It is necessary to recognise and understand losses and wastage in order to enable their reduction and recovery.
The importance of food losses and wastage in the context of sustainability and the lack of understanding of their extent, the mechanisms at play and the role of different stakeholders are such that we have devoted an entire chapter to this subject of crucial importance to the sustainability of food systems.
In this chapter we will define the losses and wastage that affect products intended directly for human consumption, in both Northern and Southern countries, without specifying the food systems in which they occur. By analysing recovery options of these lost or wasted products, this chapter will fuel the debate referred to in Chapter 4 on the interlocking character of food, energy and chemical systems and on the circular economy of agricultural biomass.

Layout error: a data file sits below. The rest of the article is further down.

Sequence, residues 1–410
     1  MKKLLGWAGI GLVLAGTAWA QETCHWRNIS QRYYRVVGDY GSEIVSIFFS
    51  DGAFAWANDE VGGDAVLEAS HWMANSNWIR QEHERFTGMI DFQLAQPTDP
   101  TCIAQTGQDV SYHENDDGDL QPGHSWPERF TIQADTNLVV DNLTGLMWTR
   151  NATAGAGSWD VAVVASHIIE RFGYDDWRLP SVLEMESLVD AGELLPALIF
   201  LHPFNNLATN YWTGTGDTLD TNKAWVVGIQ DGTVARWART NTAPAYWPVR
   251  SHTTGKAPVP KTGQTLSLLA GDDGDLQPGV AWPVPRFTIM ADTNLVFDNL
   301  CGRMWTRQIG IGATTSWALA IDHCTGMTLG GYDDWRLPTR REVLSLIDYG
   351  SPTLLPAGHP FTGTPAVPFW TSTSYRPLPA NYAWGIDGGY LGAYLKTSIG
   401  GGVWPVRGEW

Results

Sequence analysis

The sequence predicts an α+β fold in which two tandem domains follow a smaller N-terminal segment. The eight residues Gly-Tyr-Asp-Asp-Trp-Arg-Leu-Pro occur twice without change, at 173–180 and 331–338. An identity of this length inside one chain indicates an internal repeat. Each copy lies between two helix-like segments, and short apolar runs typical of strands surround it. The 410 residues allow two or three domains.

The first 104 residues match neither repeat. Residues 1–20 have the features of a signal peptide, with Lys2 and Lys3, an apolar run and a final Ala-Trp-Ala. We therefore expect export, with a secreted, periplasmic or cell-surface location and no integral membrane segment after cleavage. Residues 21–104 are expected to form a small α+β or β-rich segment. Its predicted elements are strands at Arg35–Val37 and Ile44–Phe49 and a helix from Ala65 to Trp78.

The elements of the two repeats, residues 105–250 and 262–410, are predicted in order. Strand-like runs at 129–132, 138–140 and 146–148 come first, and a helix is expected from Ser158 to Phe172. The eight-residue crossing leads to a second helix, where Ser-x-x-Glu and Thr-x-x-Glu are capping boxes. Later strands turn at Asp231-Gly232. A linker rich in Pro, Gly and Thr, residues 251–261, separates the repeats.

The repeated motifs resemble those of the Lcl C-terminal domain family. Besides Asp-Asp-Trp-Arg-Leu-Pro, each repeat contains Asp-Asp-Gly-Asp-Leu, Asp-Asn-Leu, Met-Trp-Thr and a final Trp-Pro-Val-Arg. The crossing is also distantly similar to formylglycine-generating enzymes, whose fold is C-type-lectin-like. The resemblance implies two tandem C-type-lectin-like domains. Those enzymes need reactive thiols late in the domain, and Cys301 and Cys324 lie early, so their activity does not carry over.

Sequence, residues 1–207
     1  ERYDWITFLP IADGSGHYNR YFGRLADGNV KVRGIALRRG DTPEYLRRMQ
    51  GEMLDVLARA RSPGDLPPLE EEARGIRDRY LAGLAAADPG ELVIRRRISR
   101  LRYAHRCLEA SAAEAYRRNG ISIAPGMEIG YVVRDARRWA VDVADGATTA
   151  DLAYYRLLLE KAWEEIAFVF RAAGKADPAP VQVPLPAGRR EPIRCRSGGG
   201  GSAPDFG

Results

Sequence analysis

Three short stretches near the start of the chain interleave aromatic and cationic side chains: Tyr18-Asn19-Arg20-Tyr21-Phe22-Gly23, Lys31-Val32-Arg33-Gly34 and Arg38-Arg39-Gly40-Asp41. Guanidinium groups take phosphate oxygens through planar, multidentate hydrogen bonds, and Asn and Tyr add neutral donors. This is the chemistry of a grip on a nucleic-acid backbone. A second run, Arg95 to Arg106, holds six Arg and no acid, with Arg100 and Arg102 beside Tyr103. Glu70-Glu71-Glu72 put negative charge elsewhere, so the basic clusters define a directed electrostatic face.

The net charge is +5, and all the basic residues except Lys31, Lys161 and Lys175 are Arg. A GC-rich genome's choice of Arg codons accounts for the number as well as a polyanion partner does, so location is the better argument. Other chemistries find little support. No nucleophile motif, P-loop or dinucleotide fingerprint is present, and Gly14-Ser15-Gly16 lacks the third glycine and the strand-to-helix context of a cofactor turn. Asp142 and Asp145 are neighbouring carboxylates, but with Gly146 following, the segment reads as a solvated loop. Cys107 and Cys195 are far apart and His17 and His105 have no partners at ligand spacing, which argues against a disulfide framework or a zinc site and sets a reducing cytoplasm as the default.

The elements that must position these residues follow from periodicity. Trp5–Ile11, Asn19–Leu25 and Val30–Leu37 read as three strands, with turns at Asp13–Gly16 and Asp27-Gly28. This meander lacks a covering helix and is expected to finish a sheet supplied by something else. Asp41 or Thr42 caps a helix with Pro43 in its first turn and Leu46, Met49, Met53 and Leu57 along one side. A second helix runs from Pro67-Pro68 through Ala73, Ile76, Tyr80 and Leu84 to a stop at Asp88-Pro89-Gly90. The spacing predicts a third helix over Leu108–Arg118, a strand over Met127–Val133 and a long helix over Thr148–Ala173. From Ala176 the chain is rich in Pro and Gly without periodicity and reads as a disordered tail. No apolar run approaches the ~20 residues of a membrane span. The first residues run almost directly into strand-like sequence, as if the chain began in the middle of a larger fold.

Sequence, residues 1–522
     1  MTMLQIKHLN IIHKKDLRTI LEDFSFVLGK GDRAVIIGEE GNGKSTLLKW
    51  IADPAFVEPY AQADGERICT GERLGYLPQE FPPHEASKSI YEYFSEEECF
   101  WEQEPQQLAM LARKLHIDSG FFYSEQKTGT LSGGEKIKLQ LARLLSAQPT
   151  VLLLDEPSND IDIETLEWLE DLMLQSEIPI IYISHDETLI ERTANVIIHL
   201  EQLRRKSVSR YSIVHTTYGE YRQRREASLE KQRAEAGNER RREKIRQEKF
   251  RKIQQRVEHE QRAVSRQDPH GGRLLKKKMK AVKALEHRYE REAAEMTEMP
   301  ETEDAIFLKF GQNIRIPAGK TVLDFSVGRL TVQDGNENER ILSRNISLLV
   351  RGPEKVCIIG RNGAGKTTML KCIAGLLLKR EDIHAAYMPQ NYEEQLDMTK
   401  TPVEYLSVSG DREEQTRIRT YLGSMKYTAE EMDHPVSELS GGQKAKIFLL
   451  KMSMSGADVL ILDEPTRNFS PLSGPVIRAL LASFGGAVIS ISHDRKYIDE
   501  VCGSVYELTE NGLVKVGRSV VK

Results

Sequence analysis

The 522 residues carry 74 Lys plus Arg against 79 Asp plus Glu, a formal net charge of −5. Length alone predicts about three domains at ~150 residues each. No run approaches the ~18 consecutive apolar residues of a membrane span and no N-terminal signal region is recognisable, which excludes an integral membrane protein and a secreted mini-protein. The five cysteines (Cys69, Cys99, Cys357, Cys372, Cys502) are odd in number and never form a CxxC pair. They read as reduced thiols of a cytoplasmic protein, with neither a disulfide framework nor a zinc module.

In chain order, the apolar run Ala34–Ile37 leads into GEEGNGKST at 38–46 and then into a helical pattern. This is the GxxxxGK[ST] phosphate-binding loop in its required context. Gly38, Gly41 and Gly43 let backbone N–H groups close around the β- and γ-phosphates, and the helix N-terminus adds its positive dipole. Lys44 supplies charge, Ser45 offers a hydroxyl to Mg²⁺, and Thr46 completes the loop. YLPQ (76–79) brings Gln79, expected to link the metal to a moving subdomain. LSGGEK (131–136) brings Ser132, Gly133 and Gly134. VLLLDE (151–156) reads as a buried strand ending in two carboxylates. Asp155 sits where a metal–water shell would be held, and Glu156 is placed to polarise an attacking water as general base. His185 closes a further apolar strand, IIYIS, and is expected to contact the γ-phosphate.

Losses and wastage are not linked to stakeholders’ carelessness. In Northern countries, they are the visible result of socioeconomic changes to food systems at a planetary level (globalisation of markets, industrialisation of processing, etc.), and of changes in value systems (leisure time versus food preparation time) (Soyeux, 2010).
The growth of the world’s population, the perception of the finite supply of arable land, the affirmation of the right to food and rises in the cost of agricultural products are all drivers that place human food consumption at the forefront of political and social concerns.